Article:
1. Our asset base has always been valuable, but at scarcity-pricing for oil ($100?, $250?, $500 - you pick a number) it will be seen as vital to first-world prosperity.

2. Suddenly the number of potential take-over threats expands from just Osama/Al-Queda to who knows? - maybe even the US itself. Maybe a consortium of powers. In other words, if oil scarcity is recognized globally, a small weak country that controls the biggest supply of it is looking increasingly vulnerable - over time.

3. There are small fires breaking out in our neighborhood: Iraq, Lebanon. They threaten to spread. The more fire there is in the neighborhood, the more likely it is that some big power(s) will eventually use that as an excuse to bring in the First World Fire Department. They might use KSA as a landing strip and deployment point (otherwise known as an occupation). We don't want that, so let's start to turn down the heat in the neighborhood, put out these fires ourselves.

My point: one KSA action that's well documented is a huge buildup in recent years of new drill rigs. But a second one, just in the past few months (as KSA production has fallen dramatically): a 180 degree turn in KSA diplomacy. These two observable changes may not be unrelated.

if you look at stuart's 2nd graph (oil production vs quota) and focus on 2004, one might conclude that the saudis produced all out to the benifit of their useful idiot (that would be bush) and as a result are "resting".

a sprint followed by a nap.

With respect to your views, I really don't want to get into one of these tiresome, testosterone tumbles; I wonder if you're right about Saudi Arabia stepping forward as an active player in the Middle East, compared to the more passive role its had until recently.

Hasn't Saudi Arabia, in reality, played a key behind the scenes role for decades in the Middle East, only now its chosen to step forward into the limelight and go public?

I'm thinking about Afghanistan here, where Saudi Arabia was crucial to the war against the Russians, providing men, money and ideological backbone to the struggle. There's also their role in the Iraq-Iran war, which is too big to go into here.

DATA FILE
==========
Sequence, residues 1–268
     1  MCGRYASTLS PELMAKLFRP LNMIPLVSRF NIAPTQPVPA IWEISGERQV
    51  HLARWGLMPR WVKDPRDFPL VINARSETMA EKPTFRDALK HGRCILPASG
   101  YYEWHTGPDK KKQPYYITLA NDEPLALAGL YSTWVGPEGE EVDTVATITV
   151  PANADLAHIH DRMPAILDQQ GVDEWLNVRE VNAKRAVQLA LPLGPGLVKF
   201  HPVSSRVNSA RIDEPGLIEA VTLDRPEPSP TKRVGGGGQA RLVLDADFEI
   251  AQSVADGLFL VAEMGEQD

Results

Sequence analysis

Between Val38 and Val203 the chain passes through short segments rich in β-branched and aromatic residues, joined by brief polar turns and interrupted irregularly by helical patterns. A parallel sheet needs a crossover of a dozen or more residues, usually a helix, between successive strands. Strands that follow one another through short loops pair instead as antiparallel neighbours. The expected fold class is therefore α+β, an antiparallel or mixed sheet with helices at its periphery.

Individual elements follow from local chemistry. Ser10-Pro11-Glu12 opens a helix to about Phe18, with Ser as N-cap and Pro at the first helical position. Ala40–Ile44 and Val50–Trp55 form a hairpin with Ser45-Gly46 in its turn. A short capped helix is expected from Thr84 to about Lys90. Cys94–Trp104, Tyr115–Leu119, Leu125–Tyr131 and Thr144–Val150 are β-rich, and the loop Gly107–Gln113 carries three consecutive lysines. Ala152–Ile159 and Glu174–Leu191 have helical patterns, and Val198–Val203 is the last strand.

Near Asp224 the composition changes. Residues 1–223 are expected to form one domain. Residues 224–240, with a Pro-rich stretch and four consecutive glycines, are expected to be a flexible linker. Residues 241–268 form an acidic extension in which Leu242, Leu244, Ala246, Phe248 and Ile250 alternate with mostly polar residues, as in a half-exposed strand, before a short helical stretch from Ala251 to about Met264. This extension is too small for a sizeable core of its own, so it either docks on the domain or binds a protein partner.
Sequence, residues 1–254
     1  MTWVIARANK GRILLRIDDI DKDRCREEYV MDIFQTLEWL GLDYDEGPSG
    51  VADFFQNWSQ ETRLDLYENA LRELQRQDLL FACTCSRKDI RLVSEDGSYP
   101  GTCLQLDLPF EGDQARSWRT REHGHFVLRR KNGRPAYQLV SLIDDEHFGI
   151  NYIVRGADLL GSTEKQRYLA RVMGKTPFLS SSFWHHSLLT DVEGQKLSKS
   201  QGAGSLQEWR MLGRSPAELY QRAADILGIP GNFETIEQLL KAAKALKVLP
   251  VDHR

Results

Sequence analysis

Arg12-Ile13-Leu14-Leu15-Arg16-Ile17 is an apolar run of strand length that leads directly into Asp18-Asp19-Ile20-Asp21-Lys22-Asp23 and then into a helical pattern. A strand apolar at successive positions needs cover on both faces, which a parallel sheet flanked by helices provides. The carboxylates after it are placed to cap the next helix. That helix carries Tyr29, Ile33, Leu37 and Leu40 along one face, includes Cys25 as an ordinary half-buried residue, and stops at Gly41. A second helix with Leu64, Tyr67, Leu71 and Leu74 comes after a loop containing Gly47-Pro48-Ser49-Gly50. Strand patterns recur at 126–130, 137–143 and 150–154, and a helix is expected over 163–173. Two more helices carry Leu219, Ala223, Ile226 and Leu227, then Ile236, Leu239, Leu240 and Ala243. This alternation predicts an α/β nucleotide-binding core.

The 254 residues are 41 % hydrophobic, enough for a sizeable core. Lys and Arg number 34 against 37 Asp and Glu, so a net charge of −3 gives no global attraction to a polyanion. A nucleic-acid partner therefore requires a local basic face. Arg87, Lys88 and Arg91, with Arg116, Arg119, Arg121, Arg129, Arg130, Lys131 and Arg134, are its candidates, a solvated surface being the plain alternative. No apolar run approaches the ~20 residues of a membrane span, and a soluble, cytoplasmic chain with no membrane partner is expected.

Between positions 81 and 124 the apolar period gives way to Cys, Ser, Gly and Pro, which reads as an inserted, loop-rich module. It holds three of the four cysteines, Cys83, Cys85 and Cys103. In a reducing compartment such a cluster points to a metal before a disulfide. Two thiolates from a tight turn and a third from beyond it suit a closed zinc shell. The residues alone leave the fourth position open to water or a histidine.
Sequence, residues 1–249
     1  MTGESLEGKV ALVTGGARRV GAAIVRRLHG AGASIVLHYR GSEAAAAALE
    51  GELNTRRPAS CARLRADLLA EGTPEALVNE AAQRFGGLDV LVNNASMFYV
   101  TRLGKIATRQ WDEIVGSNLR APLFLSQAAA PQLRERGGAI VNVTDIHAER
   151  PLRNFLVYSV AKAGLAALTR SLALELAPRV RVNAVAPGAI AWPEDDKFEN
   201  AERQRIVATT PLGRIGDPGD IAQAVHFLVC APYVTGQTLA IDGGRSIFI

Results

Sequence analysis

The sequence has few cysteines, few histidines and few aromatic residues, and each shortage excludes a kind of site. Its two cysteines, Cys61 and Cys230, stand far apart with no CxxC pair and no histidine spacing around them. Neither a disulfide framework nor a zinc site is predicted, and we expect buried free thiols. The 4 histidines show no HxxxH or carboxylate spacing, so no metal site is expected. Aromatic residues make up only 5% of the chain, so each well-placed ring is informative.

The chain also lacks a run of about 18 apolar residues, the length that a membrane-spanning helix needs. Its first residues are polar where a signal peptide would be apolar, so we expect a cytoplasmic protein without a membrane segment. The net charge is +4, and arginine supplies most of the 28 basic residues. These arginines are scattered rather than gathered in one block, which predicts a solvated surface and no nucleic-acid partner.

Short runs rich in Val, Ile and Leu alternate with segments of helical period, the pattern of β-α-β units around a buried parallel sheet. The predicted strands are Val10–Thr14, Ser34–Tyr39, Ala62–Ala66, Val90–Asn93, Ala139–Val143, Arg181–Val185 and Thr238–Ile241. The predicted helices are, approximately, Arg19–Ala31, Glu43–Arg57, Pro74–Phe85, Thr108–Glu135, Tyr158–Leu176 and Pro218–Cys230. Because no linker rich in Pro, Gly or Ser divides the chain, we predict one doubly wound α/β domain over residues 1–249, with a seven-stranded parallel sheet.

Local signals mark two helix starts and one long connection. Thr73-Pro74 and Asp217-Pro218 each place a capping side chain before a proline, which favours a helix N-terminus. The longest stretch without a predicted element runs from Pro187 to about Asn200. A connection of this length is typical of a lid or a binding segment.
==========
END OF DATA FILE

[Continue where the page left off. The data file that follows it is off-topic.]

I think you right about the main reason they are entering the stage so openly and actively. They are deeply concerned about the enormous destabilizing effect of american envolvement in the region. Specifically can the disasterous destruction of Iraq be confined to Iraq alone, or will it spill over to eventually engulf the whole region? Saudi Arabia's new, overt, policy shift, can be seen as a sign of deep frustration and profound fear that all the conflicts in the area could bleed into one another, into an unstopable and uncontrolable river of blood, or perhaps that should be tidal wave?

So, Saudi Arabia, above all wants stability in the Middle East, not more regime change, not a New Order, not more war. However, peace in the Middle East is easier said than done. Some kind of peace between the Palestinians and Israel is the key to reversing the slide towards chaos and extremism. Somehow the two warring peoples have to be forced to share the land and its resources. With their money the Saudis can probably, with luck, buy most of the Palestinians off. But only if the Israelis return to their old 1967 borders. But who will force the Israelis to do this? Only one country - the United States has the power to do this. How likely is this? Not very likely at the moment. But what of the future? Is Israel really, or objectively, all that important or of vital national interest to the United States? Will the United States one day decide its "had enough" of Israel? That Israel just isn't worth the cost? It's a very difficult question.

But how much time do we have? How long can we allow the festering sore to pollute the Middle East? I'm talking about the Israeli/Palestinian conflict here, not Israel. Saudi Arabia clearly thinks that time is running out.

Thanks, Oilaholic, for bringing up politics, and thanks, Stuart, for extending your chart back to 1995. A comment I made to Stuart 3/26 under "Water in the Gas Tank" seems worth restating here:

Stuart, you may be giving too much emphasis to geology and not enough to politics. So I ask again, Is there more room for a political analysis here? Under your 3/8 Post, A Nosedive Toward the Desert, I said in part (slightly edited and [annotated]):

"Politics tempers geology. Stuart's post may give too much emphasis on the geology, leading to a too pessimistic downward projection in KSA production in 2007-10.

"The two KSA swing-production events in 2003-04 tend to distort the shape of the 2002-06 KSA production curve – the large [but brief] increase for the Iraq invasion is the clearest of the two, and the second larger surge (larger in area/volume, not vertical scale), MONTHS before the 2004 U.S. presidential election (the elephant in the room no one wants to mention - the KSA tribe looking out for their Bush tribe friends - can we forget the picture of the two clan members holding hands at the ranch?) If you [arbitrarily] level these out [to partially adjust for the possible politics at play], closer to the OPEC quota limits for these periods, and then extend the production chart back to 1997 [for visual perspective - close to the lowest price in real $$ since 1973], then the later KSA declines don't look so severe.